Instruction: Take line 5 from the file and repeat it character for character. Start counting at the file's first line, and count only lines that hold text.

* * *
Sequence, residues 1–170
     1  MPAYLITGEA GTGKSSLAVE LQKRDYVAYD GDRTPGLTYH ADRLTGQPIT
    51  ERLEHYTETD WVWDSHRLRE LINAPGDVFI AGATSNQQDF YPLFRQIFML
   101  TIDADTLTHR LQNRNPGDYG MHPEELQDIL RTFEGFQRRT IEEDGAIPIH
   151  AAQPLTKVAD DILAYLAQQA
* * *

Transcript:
   151  AAQPLTKVAD DILAYLAQQA